Hillary Clinton Advisor Claims Earth Faces Overpopulation Despite Birth Dearth

International   |   Steven Ertelt   |   Apr 1, 2009   |   9:00AM   |   WASHINGTON, DC

Hillary Clinton Advisor Claims Earth Faces Overpopulation Despite Birth Dearth

by Steven Ertelt
LifeNews.com Editor
April 1
, 2009

Washington, DC (LifeNews.com) — An advisor to Secretary of State Hillary Clinton claims the Earth faces overpopulation problems even though dozens of nations are seeing too few births to support an aging population. While some nations are following the new 4-2-1 population model Nina Fedoroff claims the planet has too many people.

The new model is seeing nations like Japan, many countries in Europe, and even the United States seeing one child who will be expected to support two parents and four total parents and grandparents.

The model shows how nations like Canada, England, Japan, Russia and others are facing acute worker shortages and problems putting enough money into social and government systems from workers to support retirees.

Still, Fedoroff told the BBC One Planet program that humans had exceeded the Earth’s "limits of sustainability."

"We need to continue to decrease the growth rate of the global population; the planet can’t support many more people," she claimed. "There are probably already too many people on the planet."

"We have six-and-a-half-billion people on the planet, going rapidly towards seven," she complained.

Fedoroff’s comments fly in the face of evidence from across the globe.

Japan faces such strong underpopulation problems that companies are more frequently letting their workers leave work early: to go home and make babies. The Japanese birth rate, currently at 1.34, is well below the 2.0 threshold needed to maintain a nation’s population.

The Bank of Japan index underscores the problems by showing that the demand for labor is at its highest level in 16 years. By 2030, the National Institute of Population and Social Security Research estimates the Japanese workforce will shrink 20 percent.

With fewer babies born over the years, the agency says 40 percent of Japan’s population will be 65 or older by 2050 — more than doubling the current ratio.

Barry McLerran, producer of "Demographic Winter," a documentary on underpopulation problems, sees the abortion-underpopulation problem playing out in Russia as well.

"Russia has one of the lowest birth rates in the world at 1.17 children per woman," he told LifeNews.com. "A nation needs a birth rate of 2.0 just to replace current population."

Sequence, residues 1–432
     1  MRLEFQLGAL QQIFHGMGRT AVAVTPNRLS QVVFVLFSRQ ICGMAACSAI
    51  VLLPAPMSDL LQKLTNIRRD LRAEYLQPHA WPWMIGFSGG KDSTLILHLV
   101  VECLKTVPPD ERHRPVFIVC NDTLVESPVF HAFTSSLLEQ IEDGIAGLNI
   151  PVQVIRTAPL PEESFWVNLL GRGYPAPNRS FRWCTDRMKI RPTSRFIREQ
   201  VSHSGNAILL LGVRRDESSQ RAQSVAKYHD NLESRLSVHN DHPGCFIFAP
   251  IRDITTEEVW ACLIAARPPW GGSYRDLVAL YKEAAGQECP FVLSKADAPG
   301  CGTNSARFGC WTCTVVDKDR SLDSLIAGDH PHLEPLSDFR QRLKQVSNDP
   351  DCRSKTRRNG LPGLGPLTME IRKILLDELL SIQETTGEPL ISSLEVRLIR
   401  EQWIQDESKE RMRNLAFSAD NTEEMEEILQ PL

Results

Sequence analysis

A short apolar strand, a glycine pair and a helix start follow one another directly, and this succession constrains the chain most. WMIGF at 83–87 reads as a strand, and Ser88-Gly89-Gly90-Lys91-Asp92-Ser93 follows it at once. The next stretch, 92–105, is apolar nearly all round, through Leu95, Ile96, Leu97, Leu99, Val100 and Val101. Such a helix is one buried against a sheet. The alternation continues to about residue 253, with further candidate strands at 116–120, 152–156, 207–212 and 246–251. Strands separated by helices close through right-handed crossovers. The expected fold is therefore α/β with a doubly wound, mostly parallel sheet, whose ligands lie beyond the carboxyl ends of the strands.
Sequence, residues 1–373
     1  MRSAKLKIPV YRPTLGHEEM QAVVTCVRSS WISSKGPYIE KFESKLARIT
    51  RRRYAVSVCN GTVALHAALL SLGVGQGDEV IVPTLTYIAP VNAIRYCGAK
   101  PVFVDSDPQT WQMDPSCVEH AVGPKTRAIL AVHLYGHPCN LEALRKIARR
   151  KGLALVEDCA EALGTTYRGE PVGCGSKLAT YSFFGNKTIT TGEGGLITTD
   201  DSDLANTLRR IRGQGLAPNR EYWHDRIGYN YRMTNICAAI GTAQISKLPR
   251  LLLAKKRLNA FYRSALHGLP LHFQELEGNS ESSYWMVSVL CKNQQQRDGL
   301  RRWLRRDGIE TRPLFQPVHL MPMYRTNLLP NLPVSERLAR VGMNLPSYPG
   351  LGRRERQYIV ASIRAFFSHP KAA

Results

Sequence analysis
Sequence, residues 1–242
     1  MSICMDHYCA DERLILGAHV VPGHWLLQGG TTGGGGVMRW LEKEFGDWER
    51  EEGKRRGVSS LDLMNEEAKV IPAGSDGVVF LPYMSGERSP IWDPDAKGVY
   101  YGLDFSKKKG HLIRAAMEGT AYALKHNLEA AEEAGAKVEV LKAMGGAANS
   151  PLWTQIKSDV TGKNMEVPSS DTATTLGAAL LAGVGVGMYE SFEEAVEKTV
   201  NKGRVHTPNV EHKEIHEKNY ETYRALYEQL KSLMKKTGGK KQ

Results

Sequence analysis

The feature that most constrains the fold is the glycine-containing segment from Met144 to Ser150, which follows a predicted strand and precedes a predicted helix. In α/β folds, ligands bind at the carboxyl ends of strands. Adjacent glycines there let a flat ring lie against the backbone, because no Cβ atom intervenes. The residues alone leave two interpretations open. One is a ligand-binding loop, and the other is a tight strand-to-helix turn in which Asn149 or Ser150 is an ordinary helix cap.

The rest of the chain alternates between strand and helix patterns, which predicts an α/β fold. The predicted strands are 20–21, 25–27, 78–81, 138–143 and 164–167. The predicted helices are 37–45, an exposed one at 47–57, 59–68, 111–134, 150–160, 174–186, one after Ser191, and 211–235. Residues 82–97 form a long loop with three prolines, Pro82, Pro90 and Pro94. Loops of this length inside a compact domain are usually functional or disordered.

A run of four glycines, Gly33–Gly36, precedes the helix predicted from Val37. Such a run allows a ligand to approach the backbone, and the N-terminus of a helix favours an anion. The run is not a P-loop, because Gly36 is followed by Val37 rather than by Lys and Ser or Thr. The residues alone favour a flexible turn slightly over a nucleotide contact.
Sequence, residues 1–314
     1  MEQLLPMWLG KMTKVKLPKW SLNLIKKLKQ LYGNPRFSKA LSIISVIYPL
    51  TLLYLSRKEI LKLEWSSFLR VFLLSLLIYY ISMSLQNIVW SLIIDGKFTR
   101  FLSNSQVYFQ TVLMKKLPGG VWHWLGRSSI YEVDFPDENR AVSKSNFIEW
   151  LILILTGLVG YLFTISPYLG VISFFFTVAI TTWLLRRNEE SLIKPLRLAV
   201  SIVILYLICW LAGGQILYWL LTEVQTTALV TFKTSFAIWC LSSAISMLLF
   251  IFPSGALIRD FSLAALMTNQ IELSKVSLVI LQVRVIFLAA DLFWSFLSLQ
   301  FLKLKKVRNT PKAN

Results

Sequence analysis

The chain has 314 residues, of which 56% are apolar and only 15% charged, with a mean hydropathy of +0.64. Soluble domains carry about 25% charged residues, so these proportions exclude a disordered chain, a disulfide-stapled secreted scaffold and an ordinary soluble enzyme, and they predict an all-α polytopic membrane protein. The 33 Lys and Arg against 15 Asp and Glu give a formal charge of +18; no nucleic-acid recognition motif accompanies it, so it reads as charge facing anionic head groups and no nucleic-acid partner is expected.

"Because of its low birth rate and early deaths — due to disease and other factors — Russia is losing approximately 750,000 people a year," he explained.

Most demographers generally believe that Russia’s current population of 144 million will fall to 115 million by 2050. But Murray Feshbach, with the Woodrow Wilson International Center for Scholars, thinks Russia’s population will drop to 101 million and could go as low as 77 million by mid-point in this century.

Phillip Longman, a senior fellow with the New America Foundation, also counters the claims from the Clinton aide.

"Yes, human population is still growing in some places dramatically so. But at the same time, a strange new phenomenon is spreading around the globe, one whose very existence contradicts the deepest foundations of our modern mind-set," he says.

"Starting in the world’s richest, best-fed nations during the 1970s,and now spreading throughout the developing world, we find birthrates falling below the levels needed to avoid long-term, and in many instances, short-term, population loss," he adds.

Longman says the phenomenon has spread beyond Europe and Asia to Latin America.

"Brazil is an aging nation that no longer produces enough children to replace its population.The same is true of Chile and Costa Rica. Joining them over the next 10 to 20 years, the U.N. projects, will be many other countries Americans still tend to associate with youth bulges including Mexico, Argentina, Indonesia, India, Vietnam, Algeria, Kuwait, Libya and Morocco," he explains.

"Birthrates have declined so quickly in Mexico that its population of children younger than 15 has been in free-fall since 2000 and is expected to drop by one-third over the next 40 years," Longman concludes.

The U.N. projects that world population could begin declining as early as 2040.

Related web sites:
Demographic Winter – https://www.demographicwinter.com

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